We are being pushed and pulled closer and closer into a civil war by elements that are clearly foreign. No Iraqi would abide by such crimes. No Iraqi would seek to tear the social fabric of our country.

Baghdad Dweller muses on who could be responsible for the attack and narrows it down to Iran or America. Imad Khaduri points to obvious contradictions between news reports on the bombing an the statement issued by the Interior Minister. Salam Adil points out the irrelevance of the political process and suggests that there needs to be a radical change in American policy before another Samarra forces people to take to the streets.

The final word goes to Baghdad Treasure:

It is hard to see this beautiful and ancient country destroyed. It seems what the Americans have done was not enough. Iraqis should suffer, be killed, watch themselves humiliated, and kill each other just because America wants to remove Saddam from its way to make the world safer. Or let's say to make America safer and hell be with the non-Americans as some of them say. Let the whole world be happy and “safe” now because Iraq's “liberation” made it safe for them, but unfortunately made it a hell for Iraqis.


  • dear salam,

    i am somewhat irritated by the fact that even iraqi bloggers cannot conceive of iraqis committing atrocities against “fellow” iraqis. why does it always have to have been some “outside force”?

    maybe some bosnians, rwandans, and lebanese should go on a “guess what – neighbors can do the most gruesome crimes to one another” tour in iraq …


  • I have no doubt that the Iranian regime and Syrian government are behind these crimes in Iraq in order to distract the world from what they do in their own countries such as pursuing nukes, oppression of people and supporting terrorism worldwide.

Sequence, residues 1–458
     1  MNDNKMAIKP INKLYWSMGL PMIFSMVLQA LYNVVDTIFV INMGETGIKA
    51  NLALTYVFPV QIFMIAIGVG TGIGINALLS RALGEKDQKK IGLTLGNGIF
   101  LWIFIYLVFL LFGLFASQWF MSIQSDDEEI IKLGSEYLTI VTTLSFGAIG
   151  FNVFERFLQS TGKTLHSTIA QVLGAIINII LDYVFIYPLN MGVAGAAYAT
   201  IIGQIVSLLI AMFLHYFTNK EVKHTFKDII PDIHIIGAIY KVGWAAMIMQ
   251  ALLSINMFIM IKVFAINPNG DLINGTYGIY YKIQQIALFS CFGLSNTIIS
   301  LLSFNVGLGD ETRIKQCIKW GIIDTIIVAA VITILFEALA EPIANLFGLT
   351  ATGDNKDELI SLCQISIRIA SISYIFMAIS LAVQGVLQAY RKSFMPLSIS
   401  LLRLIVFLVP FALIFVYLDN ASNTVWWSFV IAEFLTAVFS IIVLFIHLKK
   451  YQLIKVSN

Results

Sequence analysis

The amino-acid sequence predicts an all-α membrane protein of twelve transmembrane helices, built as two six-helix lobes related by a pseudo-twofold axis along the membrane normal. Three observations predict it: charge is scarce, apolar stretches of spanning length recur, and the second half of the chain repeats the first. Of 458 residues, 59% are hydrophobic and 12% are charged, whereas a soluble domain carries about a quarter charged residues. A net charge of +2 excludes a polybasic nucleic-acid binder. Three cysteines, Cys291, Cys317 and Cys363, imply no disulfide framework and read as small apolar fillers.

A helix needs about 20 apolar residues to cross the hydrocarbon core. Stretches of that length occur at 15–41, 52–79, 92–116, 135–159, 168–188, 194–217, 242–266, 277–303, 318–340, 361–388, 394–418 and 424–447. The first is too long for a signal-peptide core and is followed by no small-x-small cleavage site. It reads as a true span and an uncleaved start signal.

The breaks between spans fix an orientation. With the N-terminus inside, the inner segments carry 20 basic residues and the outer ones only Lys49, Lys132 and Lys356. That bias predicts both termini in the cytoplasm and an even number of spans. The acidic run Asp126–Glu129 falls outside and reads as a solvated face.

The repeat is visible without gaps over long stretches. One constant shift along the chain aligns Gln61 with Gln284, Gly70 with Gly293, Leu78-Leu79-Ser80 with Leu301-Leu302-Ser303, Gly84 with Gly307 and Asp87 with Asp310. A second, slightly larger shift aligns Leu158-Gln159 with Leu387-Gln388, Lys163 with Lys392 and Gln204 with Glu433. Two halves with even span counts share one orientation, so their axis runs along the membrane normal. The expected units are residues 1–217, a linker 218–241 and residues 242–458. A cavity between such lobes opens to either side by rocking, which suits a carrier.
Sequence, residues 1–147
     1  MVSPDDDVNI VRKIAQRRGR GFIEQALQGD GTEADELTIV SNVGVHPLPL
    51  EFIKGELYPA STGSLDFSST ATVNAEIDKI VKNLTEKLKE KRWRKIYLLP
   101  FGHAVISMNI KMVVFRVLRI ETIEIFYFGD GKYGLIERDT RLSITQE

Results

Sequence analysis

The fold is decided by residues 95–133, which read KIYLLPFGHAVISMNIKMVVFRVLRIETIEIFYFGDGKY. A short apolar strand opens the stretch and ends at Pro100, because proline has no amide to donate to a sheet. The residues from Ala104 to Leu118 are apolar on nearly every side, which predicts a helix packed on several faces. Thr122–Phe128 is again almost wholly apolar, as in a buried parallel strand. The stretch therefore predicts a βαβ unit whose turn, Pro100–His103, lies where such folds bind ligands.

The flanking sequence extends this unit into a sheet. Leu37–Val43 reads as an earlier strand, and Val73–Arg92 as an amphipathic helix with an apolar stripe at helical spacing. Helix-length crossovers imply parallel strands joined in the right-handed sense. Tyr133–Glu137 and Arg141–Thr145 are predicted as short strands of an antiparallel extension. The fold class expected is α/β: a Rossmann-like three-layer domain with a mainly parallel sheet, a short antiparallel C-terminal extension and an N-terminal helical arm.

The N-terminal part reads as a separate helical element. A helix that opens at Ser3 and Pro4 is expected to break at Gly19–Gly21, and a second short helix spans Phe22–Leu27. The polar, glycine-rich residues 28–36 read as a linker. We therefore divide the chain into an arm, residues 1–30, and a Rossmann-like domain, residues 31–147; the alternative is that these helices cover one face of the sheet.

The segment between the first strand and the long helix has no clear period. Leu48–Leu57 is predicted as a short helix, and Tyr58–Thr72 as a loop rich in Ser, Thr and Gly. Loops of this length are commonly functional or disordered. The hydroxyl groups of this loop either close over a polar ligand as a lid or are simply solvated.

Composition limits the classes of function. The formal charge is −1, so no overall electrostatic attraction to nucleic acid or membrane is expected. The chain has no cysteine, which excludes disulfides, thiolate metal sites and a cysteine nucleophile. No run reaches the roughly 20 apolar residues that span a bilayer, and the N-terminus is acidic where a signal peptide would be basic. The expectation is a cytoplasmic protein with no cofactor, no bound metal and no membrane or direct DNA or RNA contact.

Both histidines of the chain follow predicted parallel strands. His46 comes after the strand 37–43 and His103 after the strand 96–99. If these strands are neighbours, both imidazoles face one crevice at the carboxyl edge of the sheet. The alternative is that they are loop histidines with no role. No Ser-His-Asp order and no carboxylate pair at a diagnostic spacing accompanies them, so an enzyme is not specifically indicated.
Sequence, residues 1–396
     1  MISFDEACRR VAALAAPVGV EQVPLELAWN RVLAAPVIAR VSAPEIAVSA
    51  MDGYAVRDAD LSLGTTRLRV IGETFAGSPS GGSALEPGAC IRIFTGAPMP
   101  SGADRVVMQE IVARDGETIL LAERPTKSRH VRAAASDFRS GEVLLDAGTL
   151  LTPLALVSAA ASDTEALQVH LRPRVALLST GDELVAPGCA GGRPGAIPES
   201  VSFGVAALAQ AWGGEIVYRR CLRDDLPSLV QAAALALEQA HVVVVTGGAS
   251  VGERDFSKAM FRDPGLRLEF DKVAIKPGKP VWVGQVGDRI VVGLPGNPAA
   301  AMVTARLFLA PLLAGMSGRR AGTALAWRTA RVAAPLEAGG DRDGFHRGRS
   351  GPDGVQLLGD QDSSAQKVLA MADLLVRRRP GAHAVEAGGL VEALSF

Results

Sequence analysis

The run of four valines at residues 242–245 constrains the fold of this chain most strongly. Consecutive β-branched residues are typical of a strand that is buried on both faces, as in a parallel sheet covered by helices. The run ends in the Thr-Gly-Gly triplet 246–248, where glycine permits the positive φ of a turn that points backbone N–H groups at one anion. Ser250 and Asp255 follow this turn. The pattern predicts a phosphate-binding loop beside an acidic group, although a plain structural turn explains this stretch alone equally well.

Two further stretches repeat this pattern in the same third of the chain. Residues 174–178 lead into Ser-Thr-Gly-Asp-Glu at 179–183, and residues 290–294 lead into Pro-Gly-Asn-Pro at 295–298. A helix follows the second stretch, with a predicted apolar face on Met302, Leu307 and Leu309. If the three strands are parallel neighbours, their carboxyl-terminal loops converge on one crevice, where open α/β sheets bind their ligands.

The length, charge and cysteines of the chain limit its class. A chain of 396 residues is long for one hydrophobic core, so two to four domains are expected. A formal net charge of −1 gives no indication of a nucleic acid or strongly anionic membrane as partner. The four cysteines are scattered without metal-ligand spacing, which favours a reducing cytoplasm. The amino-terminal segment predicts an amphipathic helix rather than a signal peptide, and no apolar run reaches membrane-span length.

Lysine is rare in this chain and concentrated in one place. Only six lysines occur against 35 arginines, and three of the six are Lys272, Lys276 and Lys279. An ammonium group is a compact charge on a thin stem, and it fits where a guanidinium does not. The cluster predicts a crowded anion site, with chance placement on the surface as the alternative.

It is very unfortunate though!

  • Raf*, The reaction is very understandable. However even if this bombing was carried out by foreigners, some Iraqis must share the blame for harbouring the bombers and more Iraqis should be blamed for failing to create the security that prevents such atrocities.

    Winston – I can use the same logic to pin blame on America. There is no use to pointing fingers like this at this stage. The point is how are the the Iraqis going to absoreb an event of such magnitude and what is to be done to prevent such a thing happening again.

  • Good Question my friend…

    The U.S. and her allies have to resign themselves to the fact that there will never be peace in Iraq or the middle east, as long as the current Iranian regime exists.


  • Winston – there had been peace between Iraq and the current Iranian regime since 1988. The difference now is that there is no central govenment in Iraq. Without a government that is accepted by the people there is no proper defense of the borders and no proper army and police to defend the country internally. Remember, the previous big outrage against the Shi’a population (when a suicide bomber killed hundreds during a Shi’a festival) was carried out by a Jordanian. In this current situation external meddling in the country’s affairs will simply continue whether from Iran, Saudi Arabia, Jordan or anywhere else. The solution is not to change the external countries but to create a stable government.

  • Salam Adil, I agree with you truly!

    But as long as the current Iranian regime exists there is no hope for stability in a great country like Iraq and I feel sorry for the people of Iraq who have to go through this hardship.

    Democracy should prevail in Iraq because our survival depends on it!

  • […] CJR on civil war; Heretik on Samarra; PublicEye / Global Voices / Riverbend from […]